What checks to corruption (if any) are there to the Hamas regime in Gaza, and how effective are they?

Per Wikipedia quoting the World Bank, corruption "is a form of dishonesty or a criminal offense which is undertaken by a person or an organization which is entrusted with a position of authority, in order to acquire illicit benefits or abuse power for one's private gain."

Related: Checks against corruption in the Palestinian Authority and their effectiveness

  • What do you mean by “checks to corruption”? Are you asking how Hamas investigates and punishes corruption?
    – divibisan
    May 23, 2021 at 22:59
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    @divibisan Not specifically Hamas. If in Gaza there was a "free parliament, free press, and civil society organizations" that could hold the Hamas government accountable, then those would certainly be part of the checks. But I don't think that's the case (I'd be glad to be proven wrong). Saying Hamas holds itself accountable is a rather ridiculous statement, given the nature of the Hamas regime. I'm asking more broadly: what factors/mechanisms prevents Hamas leaders from slipping their hands into the public till, or at least, from doing it too often?
    – Zev Spitz
    May 23, 2021 at 23:04
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    What do you mean by "corruption"? Would diverting funds meant for humanitarian purposes to production of weapons to use against Israel be considered corruption?
    – jamesqf
    May 24, 2021 at 3:53
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    @jamessqf Per Wikipedia quoting the World Bank, corruption "is a form of dishonesty or a criminal offense which is undertaken by a person or an organization which is entrusted with a position of authority, in order to acquire illicit benefits or abuse power for one's private gain." If we assume prioritizing weapons production over humanitarian purposes is not in the interests of the Palestinian people, I think it would follow that said prioritization is for some private gain, and thus would fall under this definition of corruption.
    – Zev Spitz
    Jul 18, 2021 at 15:09
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    @ZevSpitz You suggest that if Hamas does not act in the best interests of the Palestinian people then it is corrupt. That seems to presuppose a rather Western view of government, with some flavor of democracy. Why should it be Hamas' purpose to act in the best interest of the Palestinian people?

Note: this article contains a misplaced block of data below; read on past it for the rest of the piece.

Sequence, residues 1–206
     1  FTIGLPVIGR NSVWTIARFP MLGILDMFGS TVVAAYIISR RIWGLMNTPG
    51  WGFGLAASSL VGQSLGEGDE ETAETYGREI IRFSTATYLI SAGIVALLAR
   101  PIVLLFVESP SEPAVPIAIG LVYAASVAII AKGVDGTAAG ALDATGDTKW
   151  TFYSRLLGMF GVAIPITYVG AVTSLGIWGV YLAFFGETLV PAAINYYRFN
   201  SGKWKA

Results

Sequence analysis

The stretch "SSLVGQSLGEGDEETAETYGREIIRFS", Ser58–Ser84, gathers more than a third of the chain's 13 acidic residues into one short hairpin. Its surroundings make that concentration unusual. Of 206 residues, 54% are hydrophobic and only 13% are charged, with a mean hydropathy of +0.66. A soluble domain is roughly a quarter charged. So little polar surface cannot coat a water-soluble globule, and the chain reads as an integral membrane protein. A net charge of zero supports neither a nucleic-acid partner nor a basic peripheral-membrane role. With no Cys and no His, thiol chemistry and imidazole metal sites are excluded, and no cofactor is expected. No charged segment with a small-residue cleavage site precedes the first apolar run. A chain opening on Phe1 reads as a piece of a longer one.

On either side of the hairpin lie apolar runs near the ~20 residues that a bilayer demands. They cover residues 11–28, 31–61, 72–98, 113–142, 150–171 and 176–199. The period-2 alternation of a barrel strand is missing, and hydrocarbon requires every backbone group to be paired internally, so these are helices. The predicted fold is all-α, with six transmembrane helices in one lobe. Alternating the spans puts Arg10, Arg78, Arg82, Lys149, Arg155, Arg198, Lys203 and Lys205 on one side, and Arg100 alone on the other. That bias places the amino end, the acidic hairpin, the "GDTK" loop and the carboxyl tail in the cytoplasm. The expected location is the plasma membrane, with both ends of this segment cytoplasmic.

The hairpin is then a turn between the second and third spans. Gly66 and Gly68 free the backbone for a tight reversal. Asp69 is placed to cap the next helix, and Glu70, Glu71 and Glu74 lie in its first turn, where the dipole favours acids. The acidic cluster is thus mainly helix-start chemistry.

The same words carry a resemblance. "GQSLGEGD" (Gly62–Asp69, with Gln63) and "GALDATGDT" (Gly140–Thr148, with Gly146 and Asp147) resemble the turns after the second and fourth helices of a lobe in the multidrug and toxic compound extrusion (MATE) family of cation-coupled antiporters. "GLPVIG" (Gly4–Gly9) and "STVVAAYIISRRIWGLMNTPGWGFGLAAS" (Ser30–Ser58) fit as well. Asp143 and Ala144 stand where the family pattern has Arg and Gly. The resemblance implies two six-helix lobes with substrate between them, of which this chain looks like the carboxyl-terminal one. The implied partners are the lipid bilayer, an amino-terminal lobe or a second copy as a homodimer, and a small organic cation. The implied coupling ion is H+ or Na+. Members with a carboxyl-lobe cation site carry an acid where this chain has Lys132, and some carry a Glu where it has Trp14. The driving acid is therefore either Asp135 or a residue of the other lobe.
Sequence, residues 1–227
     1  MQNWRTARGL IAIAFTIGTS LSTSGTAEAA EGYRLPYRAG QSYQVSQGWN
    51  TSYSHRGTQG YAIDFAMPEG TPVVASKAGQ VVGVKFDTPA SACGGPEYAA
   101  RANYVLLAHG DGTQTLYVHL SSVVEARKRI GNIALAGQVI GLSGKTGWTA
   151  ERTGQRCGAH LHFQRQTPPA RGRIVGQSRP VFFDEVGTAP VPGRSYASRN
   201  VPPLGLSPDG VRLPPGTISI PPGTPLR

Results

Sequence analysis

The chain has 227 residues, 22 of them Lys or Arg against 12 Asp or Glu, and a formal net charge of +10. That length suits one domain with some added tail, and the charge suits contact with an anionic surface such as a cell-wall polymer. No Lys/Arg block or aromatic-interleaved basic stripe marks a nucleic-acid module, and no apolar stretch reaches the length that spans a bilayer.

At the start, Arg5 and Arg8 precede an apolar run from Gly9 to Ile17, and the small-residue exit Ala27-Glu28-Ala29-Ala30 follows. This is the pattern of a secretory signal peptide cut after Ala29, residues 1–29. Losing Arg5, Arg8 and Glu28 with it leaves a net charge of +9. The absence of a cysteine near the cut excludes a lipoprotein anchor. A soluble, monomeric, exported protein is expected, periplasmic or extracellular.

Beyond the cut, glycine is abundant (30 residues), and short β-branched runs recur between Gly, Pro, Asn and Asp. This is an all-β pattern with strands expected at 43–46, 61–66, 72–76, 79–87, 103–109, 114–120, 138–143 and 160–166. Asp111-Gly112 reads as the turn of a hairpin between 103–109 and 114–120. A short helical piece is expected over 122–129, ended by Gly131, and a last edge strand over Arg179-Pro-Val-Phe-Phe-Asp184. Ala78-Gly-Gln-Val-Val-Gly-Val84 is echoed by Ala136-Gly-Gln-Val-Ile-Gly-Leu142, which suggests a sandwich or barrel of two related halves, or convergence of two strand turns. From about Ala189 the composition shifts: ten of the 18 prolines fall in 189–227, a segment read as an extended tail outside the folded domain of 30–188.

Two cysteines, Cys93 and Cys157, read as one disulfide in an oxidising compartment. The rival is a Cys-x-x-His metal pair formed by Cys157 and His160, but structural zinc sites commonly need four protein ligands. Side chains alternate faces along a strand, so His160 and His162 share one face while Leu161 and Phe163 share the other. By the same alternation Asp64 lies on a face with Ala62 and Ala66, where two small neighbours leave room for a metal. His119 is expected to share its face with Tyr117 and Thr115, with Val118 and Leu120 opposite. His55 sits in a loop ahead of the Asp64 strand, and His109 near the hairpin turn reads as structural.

– user44105
    Aug 16, 2022 at 17:41

5 Answers 5


Unfortunately a government prioritizing weapon production would be deemed a 'political question' in most countries. You claim that that's not in the interest of the Palestinian people, but legally that's just your/a political opinion. And Hamas obviously disagrees to some extent.

One could argue that Hamas diverting funds for those purposes is corruption more literally, but then Hamas also receives funds for those military purposes (only) from Iran etc., if we take their word for it and even that of some Israeli officials who claim the same. (I see Netanyahu himself said that 90% of Hamas' military budget comes from Iran.). Yes, from the Israeli point of view, that's funding terrorism. Illegal, but for different reasons.

As for the rest on the question, whether Hamas tackles regular corruption in some way... that's really hard to say. They certainly won the 2006 election [partly] on claims that Fatah was corrupt. But after that, except for getting rid of political opponents, I've not found any overt anti-corruption campaigns done by Hamas, at least not ones publicized in English. (Anyhow, even in countries where those happen, they can sometimes be more for show than substance.) Also, the judiciary is Gaza is said to be controlled by Hamas, so that probably precludes any independent probes. What checks there might still have been were in the journalist/NGO domain, but even there, Hamas officials harassed and threatened some journalists, and even prosecuted some, so there's that.

Somewhat recent (Sep 2023) polling indicated that Hamas was still perceived as less corrupt than Fatah/PA, by some 10-15 percentage points, but the absolute numbers for both were pretty high (72-73% for Hamas and 84-87% for PA.) (Various PA figures sometimes said over the years they'll tackle corruption, which doesn't seem to be helping them that much though.)

  • When I first asked this question, I was somewhat more naive about Hamas leadership's true intentions. I'm willing to accept under the heading of corruption anything that is at odds with the expressed interests and values of the people, such as sitting in expensive Doha hotels while Gaza is devastated.
    – Zev Spitz
    Apr 1 at 7:09
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    "You claim that that's not in the interest of the Palestinian people, but legally that's just your/a political opinion. And Hamas obviously disagrees to some extent." Since polling indicates widespread support for Hamas even today, it might even be argued that Palestinians themselves view weapons production as in their own interests.